GM alumni club
Hamp isn’t the only GM alum in Toyota’s executive suite. In 2013, Toyota appointed former GM executive Mark Hogan to its board, installing the first foreigner since 2007 and the first outside director ever, in hopes of infusing some fresh perspective.
Part of Hamp’s mission is to inject new thinking into one of the most Japanese of Japanese companies.
Her promotion was part of a diversity blitz that added a second non-Japanese executive to the company’s board and appointed African-American lawyer Christopher Reynolds to the newly created global role of chief legal officer.
“Diversity needs to be a front-and-center goal,” Hamp said. “Diversity respects and reflects the customer base.”
Her appointment also will bring an injection of modern American media savvy.
Toyota is taking a global best practices approach to improving its corporate communications. Public relations at most Japanese companies is reactive at best and inert at worst.
Toyota, a company that prides itself on humility and not overpromising, rarely blares its own trumpet -- much to the chagrin of American public relations pros such as Hamp.
GM, for example, bests Toyota at “talking about the future, talking about advanced technology, talking about what’s coming down the road, long before it comes,” Hamp conceded.
In her new role, she aims to coax Toyota out of its shell.
“There is much more of an understanding and an appreciation for this role, which I think is part of the appointment,” she said of her newly created global position. “It’s a strategic appointment in recognition of the importance of this function.”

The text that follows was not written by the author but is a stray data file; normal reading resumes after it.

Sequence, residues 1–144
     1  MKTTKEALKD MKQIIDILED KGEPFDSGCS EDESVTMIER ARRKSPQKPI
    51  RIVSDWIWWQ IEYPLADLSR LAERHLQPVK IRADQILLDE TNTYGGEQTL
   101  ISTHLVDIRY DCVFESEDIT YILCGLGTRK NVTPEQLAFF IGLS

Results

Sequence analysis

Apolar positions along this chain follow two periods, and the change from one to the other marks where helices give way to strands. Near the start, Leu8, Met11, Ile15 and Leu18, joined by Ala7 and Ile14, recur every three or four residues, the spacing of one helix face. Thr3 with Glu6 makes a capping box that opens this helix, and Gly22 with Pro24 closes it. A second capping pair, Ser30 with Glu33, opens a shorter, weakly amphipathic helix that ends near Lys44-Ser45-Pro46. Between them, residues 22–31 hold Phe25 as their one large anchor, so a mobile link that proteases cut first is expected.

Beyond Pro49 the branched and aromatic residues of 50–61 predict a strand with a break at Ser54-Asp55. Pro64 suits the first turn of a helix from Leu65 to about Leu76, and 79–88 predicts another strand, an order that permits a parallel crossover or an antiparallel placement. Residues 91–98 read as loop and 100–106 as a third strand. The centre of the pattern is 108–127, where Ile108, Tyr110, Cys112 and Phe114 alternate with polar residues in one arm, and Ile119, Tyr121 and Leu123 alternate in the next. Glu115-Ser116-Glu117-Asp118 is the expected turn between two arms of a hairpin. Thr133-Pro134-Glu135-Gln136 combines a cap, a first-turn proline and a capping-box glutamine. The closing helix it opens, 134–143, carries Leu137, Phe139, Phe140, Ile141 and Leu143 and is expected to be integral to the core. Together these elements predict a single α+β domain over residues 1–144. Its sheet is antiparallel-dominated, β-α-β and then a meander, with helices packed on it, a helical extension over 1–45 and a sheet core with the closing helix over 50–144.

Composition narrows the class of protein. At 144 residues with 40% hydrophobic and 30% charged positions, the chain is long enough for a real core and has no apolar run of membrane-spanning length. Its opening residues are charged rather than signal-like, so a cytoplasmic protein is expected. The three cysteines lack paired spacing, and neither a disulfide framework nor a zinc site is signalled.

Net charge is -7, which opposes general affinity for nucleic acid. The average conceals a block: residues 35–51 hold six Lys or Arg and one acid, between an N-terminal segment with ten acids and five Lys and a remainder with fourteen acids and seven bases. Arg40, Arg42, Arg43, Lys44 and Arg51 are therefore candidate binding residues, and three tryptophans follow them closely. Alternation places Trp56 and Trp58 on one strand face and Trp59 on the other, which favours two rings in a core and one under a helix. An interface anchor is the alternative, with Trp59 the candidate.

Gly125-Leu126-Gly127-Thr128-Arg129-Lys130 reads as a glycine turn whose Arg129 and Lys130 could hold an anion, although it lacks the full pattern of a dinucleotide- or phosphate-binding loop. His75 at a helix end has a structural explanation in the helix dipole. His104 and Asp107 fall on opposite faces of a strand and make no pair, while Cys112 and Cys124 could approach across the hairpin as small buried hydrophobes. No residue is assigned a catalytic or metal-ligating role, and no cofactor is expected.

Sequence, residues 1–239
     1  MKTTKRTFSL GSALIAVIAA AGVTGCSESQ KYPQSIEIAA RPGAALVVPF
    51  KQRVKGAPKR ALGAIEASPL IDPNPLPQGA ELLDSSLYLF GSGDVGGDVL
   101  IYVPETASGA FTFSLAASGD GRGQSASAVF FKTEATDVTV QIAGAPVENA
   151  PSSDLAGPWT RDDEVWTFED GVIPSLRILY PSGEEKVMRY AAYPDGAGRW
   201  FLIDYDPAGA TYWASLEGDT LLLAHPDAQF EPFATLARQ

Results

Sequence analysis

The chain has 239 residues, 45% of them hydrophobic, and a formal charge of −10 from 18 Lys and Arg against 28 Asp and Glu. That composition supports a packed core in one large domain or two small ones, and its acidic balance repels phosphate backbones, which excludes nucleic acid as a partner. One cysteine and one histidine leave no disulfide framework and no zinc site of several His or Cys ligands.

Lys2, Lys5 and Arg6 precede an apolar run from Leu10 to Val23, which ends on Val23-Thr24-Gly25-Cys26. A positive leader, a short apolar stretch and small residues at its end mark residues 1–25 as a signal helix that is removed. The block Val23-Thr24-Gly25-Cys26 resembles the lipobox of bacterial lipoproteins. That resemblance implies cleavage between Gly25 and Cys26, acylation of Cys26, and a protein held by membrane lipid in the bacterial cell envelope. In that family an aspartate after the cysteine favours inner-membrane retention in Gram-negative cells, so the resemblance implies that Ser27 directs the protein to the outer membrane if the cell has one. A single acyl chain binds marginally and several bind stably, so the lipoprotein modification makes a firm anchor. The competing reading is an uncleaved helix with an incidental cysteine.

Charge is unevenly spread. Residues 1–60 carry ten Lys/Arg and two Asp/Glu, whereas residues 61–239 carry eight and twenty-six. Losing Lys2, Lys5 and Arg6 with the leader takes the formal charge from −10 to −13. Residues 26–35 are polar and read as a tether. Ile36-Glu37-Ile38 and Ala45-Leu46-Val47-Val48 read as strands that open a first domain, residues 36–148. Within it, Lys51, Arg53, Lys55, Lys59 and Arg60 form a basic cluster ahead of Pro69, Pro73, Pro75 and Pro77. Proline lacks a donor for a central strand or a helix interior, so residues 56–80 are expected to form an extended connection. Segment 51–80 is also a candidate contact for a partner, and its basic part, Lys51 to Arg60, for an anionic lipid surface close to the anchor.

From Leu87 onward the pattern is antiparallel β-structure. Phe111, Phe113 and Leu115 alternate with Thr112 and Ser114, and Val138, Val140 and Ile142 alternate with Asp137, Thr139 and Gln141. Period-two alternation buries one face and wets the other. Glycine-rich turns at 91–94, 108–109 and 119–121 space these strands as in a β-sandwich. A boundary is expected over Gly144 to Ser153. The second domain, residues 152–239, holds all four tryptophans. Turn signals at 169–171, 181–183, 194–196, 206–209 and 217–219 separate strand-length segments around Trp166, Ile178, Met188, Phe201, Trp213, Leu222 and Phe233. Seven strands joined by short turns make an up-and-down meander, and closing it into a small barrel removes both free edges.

Being tight-lipped can sow seeds of distrust, she said, as Toyota learned during the initial stages of the recall crisis.
“The perception of Toyota -- as a company that maybe at one point only cared about itself, doesn’t care about something bigger or more than itself -- really needed to be changed,” Hamp said.
“If that’s the perception, then what are we doing maybe wrong?” she said. “Part of it was not having open and transparent information as frequently and with the stakeholder groups.”
Hamp said new approaches will also include a heavier focus on social media and possibly “owned-media,” in which the company communicates directly to the public through its own channels, not through intermediaries such as newspapers and magazines.
Bonding with Akio
Hamp also brings international perspective. During her time at GM, she worked in Latin America, the Middle East, Africa and Europe. “I’m very globally minded,” she said.
It was one of those trips to Germany that put her on the map with her current boss: Toyota President Akio Toyoda.
Shortly after joining Toyota, she was at a breakfast meeting in Washington with the car-crazy Toyoda, when the subject of Germany’s demanding Nurburgring race circuit came up. Hamp, who had driven the course while at Cadillac, saw a door open.
“I said, ‘There’s that one turn, when you get to the top, all you see is sky, and you don’t know whether to turn to the right or the left,’” Hamp recalled. “He stopped for a moment and said, ‘You drove the Nurburgring?’
“He was very fascinated by that.”